When the shocking news of Kobe Bryant’s sudden death broke, it really hit like losing someone you knew.

I see it in the Native American young people who are so much a part of my life and my work. Like Amy. She’s an overcomer – depression, abuse, trauma. For her, basketball has offered relief from reservation despair. She says, “Kobe inspired me.”

A lot of our Native “sons and daughters” proudly wear their Kobe jersey. Because he “inspired” them. As one young Native leader and friend said, “It looks like we’re all in a state of mourning.”

It’s just a microcosm of the deep sense of sadness that invaded so many hearts when the jolting news of that deadly chopper crash first hit.

Then we learned his 13-year-old basketball prodigy daughter Gianna died with him. A total of nine pretty extraordinary people were lost in that devastating crash.

The mother and daughter who “lit up every room they were in.” The women’s basketball coach, investing her life in young women who loved the game. The beloved college baseball coach, along with his wife and daughter.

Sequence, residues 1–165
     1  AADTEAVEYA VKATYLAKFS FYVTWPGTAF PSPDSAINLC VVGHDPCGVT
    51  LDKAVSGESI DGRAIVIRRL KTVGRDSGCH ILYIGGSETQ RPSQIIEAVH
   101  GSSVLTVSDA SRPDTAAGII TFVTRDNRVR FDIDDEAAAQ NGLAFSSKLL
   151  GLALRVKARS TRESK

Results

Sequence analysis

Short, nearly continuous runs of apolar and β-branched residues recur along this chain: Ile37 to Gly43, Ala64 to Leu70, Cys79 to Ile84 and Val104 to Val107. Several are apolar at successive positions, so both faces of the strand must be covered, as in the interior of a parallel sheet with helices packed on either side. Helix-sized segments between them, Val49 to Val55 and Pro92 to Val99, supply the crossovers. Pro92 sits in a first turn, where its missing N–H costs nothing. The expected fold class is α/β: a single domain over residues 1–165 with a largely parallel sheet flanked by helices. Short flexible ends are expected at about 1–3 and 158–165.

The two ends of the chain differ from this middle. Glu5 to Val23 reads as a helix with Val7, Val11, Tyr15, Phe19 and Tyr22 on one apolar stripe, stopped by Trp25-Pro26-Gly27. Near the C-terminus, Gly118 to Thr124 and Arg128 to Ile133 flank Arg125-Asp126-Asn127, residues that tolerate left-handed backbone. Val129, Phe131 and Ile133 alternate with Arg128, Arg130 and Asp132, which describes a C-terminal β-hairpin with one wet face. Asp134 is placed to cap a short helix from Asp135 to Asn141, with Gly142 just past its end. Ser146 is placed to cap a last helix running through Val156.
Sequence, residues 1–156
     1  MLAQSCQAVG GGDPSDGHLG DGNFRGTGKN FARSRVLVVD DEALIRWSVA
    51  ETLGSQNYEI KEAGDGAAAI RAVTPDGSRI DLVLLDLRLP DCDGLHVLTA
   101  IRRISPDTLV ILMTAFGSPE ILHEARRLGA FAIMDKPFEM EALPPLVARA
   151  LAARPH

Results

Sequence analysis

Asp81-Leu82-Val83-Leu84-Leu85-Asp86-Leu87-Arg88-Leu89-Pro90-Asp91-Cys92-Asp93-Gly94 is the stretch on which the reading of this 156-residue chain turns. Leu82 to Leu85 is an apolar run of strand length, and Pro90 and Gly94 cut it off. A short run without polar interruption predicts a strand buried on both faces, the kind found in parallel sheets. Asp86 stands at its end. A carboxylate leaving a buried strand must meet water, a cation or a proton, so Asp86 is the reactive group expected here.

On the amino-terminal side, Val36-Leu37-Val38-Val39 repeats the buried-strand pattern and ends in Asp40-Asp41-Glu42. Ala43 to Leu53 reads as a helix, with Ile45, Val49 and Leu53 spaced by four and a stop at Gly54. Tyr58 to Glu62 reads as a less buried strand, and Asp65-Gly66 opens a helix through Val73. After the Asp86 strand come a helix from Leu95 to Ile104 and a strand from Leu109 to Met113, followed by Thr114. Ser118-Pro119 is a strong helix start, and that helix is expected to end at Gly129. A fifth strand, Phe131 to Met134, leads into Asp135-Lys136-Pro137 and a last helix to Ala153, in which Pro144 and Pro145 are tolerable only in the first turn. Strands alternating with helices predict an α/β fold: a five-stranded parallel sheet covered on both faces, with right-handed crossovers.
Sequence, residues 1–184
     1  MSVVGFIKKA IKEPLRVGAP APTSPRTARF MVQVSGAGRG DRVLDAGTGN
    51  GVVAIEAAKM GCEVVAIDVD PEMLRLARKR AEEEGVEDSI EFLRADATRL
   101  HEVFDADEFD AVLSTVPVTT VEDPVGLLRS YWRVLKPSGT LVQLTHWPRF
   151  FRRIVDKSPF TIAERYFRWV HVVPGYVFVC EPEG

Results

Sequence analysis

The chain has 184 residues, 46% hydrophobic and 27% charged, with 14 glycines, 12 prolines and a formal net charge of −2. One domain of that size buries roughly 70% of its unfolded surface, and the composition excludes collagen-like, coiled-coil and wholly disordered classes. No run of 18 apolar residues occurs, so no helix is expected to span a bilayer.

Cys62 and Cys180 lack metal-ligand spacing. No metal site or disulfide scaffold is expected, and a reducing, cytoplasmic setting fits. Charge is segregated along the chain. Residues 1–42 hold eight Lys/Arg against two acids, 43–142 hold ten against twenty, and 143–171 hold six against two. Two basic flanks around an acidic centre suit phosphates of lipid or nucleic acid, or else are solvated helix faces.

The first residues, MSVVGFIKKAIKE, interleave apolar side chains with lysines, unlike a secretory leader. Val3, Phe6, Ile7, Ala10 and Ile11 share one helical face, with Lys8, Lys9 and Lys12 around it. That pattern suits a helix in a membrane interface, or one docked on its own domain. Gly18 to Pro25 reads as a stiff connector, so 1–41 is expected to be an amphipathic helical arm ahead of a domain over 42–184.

Not marquee names like Kobe – but each one precious to God and to those loved and impacted by them.

But Kobe Bryant’s amazing basketball achievements and superstar status made this crash a tragedy felt around the world. Five NBA championships. Two Olympic gold medals. A legendary ability to carry his team-for-life Lakers to one memorable victory after another. And his “work ethic” that so many young players called their inspiration.


He summarized that passion for excellence when he said, “I made a promise to myself when I was 15. At the end of my career, I want people to think of me as a talented overachiever. I was blessed with talent, but I worked as if I had none.”

( Read the rest of this blog

Albert Mohler: The President Speaks at the March for Life

Listen to the commentary.

 Last week we saw history made as President Trump addressed the annual March for Life in person.

Yes: Previous pro-life presidents had communicated support and had spoken to the March for Life in different forms—whether by letter, video, or by sending the vice president.